Horo’s announcement came during an official launch event for the first phase of generating electricity from the GERD, which was attended by Prime Minister Abiy Ahmed and a large number of national and local officials.
Horo ruled out delaying the third filling of the dam, describing it as “an automatic process.”
He added that “the dam is formidable and any talk about its dangers is not correct,” before claiming that “Ethiopia has shared the information on the GERD with Egypt and Sudan.”
The construction of the dam will not stop “for any reason” and will be completed within two years, he said.
Horo added that statements from Egypt and Sudan on the dangers of the GERD “do not concern” Ethiopia, adding that Addis Ababa has not violated the 2015 Declaration of Principles, which were signed by the three countries, concerning the filling process.
The Ethiopian officials told the Saudi News channel that the second electricity-generating turbine will be tested “within weeks.”
In a speech during the event, Ethiopia’s PM Abiy Ahmed stated that the dam was constructed for development purposes for the Ethiopian people, adding that Ethiopia does not intend to harm the two downstream countries, Egypt or Sudan.
Egypt: GERD existential issue
On Tuesday, Egyptian Minister of Foreign Affairs Sameh Shoukry stated that Cairo is always ready for dialogue on the Grand Ethiopian Renaissance Dam (GERD) issue, describing the file as an existential issue and a matter of national security for Egypt and its people.
Shoukry made the statements to Sky News Arabia on the sidelines of the World Economic Forum (WEF) in Davos.
“[Previously exerted] efforts have not yielded a legally binding agreement regarding the GERD’s filing and operation policies, nevertheless, Cairo is working hard to push forward matters in order to reach an agreement that [simultaneously] allows Ethiopia to develop and safeguards Egypt’s rights,” the minister said.
Egypt and Sudan have been negotiating with Ethiopia for almost a decade now to reach a legally binding and comprehensive agreement on the filling and operation of the GERD, which Addis Ababa started building on the Blue Nile in 2010.
Cairo and Khartoum have blamed the failure of the talks on Ethiopian “intransigence” and refusal to sign any legally binding deal.
The latest round of African Union (AU)-sponsored talks between the three countries over the GERD in Kinshasa, DRC collapsed in April 2021, and all attempts to revive the negotiations since have failed.
Egypt’s top diplomat also told Sky News Arabia that Cairo closely follows up on the issue with international partners, but there have been no positive results so far.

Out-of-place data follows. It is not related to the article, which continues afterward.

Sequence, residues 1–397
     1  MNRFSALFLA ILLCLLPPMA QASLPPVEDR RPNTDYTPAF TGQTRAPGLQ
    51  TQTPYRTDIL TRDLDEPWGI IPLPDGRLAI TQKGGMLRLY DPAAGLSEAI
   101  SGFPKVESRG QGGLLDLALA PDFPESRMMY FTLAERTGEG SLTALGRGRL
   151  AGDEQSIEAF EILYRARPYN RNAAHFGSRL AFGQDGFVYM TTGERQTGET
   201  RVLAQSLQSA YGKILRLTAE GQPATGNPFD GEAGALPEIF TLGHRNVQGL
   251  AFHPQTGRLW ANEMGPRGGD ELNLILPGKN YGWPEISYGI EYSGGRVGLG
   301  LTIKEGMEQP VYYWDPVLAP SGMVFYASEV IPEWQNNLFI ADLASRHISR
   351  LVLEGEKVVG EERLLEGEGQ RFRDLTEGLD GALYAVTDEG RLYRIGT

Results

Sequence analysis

Egypt is always prepared for dialogue and is ready to resume negotiations to settle this issue, Shoukry stressed.
Prime Minister Mostafa Madbouly affirmed earlier in 2022 that Cairo is interested in resuming negotiations with Sudan and Ethiopia and resolving technical and legal points of contention to reach a balanced deal.
Egypt — which relies mainly on the Nile for its water needs — fears that the unilateral operation of the GERD and the filling of its 74-billion-cubic-metre reservoir will negatively impact its water supply, while Sudan is concerned the GERD will harm the regulation of flows to its own dams and their safety.
On the other hand, Ethiopia says the project — which will generate 5,250 megawatts of electricity when completed — is essential for producing electricity and economic development, repeatedly downplaying the concerns of Cairo and Khartoum.
Egypt has repeatedly stated that it has no objections to Ethiopia using the dam to generate the electricity it needs for its development plans.
However, Cairo said it opposes any action that compromises its already inadequate share of Nile water or changes its patterns.
Previously, Madbouly stressed that developments in Nile Basin countries were a priority for Egypt, stressing that Cairo has provided aid and expertise to help promote development and secure stability for its neighbours.
In February, Ethiopia, which had unilaterally completed the first and second filling of the dam, announced that the first turbine of the GERD has begun generating power.
The Ethiopian News Agency said at the time that the first turbine is generating 375 megawatts, with the second turbine set to operate soon.
In response, Egypt said the unilateral decision to start power generation from the GERD is another violation of the Declaration of Principles (DoP) signed between Addis Ababa, Cairo, and Khartoum in 2015.
Source: Ahram online